This book bridges the study of European constitutionalism with the study of 'fiscal federalism' – the subfield of public economics concerned with structuring public finances between different levels of government in federal states. On one axis, this book delves into European Union and Member State constitutional law from all EU Member States in order to investigate and identify the existence of permanent constitutional boundaries that will impinge upon the selection of proposed models for EU fiscal federalism. On the second axis, this book engages the study of fiscal federalism in order to determine which institutional configurations known to that field remain legally and economically implementable within those boundaries. It provides a far-reaching investigation of which models of fiscal federalism are compatible with the constitutional boundaries of the European legal order.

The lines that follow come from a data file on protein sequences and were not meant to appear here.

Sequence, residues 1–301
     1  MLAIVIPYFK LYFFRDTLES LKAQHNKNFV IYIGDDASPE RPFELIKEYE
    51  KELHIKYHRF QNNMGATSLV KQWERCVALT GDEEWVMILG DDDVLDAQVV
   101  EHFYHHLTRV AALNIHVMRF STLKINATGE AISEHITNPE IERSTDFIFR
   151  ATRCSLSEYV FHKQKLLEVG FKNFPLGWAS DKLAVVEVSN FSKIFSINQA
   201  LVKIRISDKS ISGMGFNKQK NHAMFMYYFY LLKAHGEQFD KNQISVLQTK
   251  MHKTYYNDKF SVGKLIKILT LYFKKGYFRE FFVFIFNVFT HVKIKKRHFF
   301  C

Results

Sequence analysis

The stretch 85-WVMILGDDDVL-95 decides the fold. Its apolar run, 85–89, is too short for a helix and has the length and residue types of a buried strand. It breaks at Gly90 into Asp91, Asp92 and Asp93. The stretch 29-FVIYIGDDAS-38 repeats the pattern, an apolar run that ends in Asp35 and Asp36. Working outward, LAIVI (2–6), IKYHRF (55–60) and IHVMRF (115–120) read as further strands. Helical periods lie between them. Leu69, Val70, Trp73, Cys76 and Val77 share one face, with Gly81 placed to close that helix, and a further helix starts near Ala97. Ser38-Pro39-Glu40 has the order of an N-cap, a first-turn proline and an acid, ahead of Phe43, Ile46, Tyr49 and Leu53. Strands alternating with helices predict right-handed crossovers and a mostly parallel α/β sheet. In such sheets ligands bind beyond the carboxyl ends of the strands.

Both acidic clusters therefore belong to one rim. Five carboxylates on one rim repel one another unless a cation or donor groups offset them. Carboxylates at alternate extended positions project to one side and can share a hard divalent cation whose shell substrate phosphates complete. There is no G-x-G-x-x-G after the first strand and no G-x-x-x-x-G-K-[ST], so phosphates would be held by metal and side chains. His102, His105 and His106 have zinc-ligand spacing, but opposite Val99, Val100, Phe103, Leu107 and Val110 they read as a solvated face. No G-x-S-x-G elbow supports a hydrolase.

One of the central themes of Democracy in America is the dawning tide of democratic equality. In Tocqueville’s view, this equality – understood as uniformity – represents the future of modern democratic society. Rogers M. Smith argues in this chapter that, even though Tocqueville’s assessment of America as a world of democratic equality may be unreliable, his reckoning with these issues nonetheless proves instructive for how we confront challenges of diversity and inequality. Tocqueville’s worries concerned excessive equality and uniformity, but today’s dilemmas increasingly involve inequality and differential treatment. Rather than treating everyone equally, in what Smith calls a “post-Tocquevillean America,” we confront the challenge of trying to secure diversity and equity by differential treatment of some groups. Smith argues that we ought to be prepared to offer special accommodations and differential treatment for groups so long as these do not substantially harm the civil rights of others and are consistent with the broader ends of substantive equality. Although Tocqueville’s vision of the challenges of democracy may diverge from our own, his thoughts remain illuminating of contemporary challenges of diversity and inequality.